A court in the Democratic Republic of Congo (DRC) has side-tracked a Chinese company from the Tenke Fungurume mine. The Chinese company, China Molybdenum, stands sidelined for at least six months from the mine which is the second-largest source of cobalt in the world.
Why is this significant?
The Tenke Fungurume mine is one of the world’s largest copper and cobalt mine. For China, its ownership mattered because cobalt is a key component in electric vehicles. It is essential for extending battery range and is presently trading at a three-year high.
China obviously wanted to use Congolese cobalt for bolstering its own EV sector.
Why has the DRC court sidelined the Chinese company?
The latest ruling originates out of a dispute over payment of billions of dollars that the DRC government claims China Molybdenum owes to it.
The Chinese government had financed China Molybdenum in its efforts to purchase the Tenke Fungurume mine in 2016.
Things were going alright till NYT reported in November 2021 that employees at the mine were facing work safety issues under Chinese ownership. There are also allegations of workers being assaulted and bribed to conceal accidents. The Chinese company denied those allegations.
Allegations of cheating the DRC government
Later, Congo’s president, Felix Tshisekedi, constituted an investigation commission for probing the allegations that China Molybdenum might have cheated the Congolese government with respect to royalty payments from the mine.
The Congolese state-owned mining enterprise, known as Gécamines, claims that China Molybdenum failed to declare hundreds of thousands of tons of copper and cobalt reserves buried at the site. The agency therefore claims that it stood deprived of annual payments which are to be made on discovery of new reserves.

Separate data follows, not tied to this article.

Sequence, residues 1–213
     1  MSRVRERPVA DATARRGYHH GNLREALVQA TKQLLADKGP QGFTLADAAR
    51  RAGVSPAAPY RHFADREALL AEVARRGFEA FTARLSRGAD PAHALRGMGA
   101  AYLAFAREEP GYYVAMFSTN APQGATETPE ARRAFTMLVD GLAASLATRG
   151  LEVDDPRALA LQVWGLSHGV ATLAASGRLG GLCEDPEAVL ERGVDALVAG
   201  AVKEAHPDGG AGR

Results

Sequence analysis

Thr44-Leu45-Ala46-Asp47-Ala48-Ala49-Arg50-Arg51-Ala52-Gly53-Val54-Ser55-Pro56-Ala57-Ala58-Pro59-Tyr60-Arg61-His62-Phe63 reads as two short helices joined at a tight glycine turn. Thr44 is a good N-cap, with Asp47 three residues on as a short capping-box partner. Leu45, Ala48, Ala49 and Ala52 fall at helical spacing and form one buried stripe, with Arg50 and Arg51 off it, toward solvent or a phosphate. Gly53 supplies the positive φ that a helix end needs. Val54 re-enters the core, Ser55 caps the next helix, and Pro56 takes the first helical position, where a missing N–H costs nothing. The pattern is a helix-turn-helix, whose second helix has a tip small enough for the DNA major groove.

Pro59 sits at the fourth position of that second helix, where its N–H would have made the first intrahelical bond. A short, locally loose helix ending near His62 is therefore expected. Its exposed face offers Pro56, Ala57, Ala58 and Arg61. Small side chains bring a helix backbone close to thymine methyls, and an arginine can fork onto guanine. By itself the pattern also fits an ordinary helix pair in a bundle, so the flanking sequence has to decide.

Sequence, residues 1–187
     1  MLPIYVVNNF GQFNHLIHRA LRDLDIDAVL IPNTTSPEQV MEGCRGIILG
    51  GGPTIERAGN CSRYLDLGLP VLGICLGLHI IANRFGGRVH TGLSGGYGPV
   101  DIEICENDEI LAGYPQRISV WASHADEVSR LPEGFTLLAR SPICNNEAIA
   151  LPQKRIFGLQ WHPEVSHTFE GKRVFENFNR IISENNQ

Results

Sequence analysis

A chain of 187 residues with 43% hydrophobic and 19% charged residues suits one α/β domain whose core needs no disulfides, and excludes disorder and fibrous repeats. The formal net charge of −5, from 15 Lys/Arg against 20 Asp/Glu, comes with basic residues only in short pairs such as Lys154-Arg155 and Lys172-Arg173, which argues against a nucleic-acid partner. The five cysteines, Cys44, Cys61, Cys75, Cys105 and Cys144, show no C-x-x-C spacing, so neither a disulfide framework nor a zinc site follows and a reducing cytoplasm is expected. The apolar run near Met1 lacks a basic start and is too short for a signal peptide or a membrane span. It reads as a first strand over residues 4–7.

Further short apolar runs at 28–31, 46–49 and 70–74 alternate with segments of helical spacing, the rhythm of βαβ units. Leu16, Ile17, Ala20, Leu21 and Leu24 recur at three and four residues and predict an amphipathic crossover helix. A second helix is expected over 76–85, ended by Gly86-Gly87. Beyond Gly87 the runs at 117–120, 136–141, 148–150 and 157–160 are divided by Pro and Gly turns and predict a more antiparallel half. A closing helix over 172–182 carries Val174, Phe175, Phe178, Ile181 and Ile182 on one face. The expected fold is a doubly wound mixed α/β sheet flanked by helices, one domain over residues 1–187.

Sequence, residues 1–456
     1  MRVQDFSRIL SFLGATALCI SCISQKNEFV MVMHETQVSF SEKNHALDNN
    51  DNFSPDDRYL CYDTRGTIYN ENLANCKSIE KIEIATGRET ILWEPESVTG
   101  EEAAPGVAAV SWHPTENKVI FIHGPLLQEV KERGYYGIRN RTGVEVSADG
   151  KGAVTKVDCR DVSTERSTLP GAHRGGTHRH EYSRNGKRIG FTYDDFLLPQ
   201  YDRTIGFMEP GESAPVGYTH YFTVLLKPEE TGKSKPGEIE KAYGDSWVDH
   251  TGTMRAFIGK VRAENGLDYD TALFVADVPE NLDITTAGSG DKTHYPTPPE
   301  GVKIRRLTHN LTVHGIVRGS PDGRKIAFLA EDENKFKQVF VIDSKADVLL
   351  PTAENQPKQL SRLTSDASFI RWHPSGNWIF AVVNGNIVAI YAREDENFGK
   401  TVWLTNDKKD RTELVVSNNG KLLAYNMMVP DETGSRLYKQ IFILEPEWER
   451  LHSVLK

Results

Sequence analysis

Finally, the case went up to the Commercial Court of Lubumbashi. Gécamines is looking for removal of Chinese management of the mine and seems to have succeeded for the time being. A third-party administrator has been given charge of the mine for at least six months and Gécamines has been allowed to retain its 20 percent stake in the mine.
China might get kicked out from the Congolese cobalt sector
Yet, the Tenke Fungurume mine might just be just the tip of the iceberg. Remember, DRC produces 70 percent of the world’s cobalt. It is a critical mineral that should make the African country rich. The DRC is a poor country with a history of a devastating civil war and several years of corruption. Cobalt is the short-cut to its prosperity.
But President Tshisekedi says it has failed to benefit the Congolese. Why? Well, 15 out of Congo’s 19 cobalt-producing mines were either China-owned or had a Chinese stake. No wonder, a vast majority of the cobalt produced in Congo flies out to China and gets used in making Chinese EV batteries.
Now, the Congolese government has had enough of Chinese interference in the cobalt sector.
Congolese officials are now conducting a broader examination of deals signed with Chinese-backed mining companies. This comes after complaints of unfulfilled promises to Congo.
The DRC is thus very clear about one thing- it is the Congolese who should benefit out of Congo’s mineral wealth. The Chinese, on the other hand, should be ready to get kicked out of the country’s cobalt mines.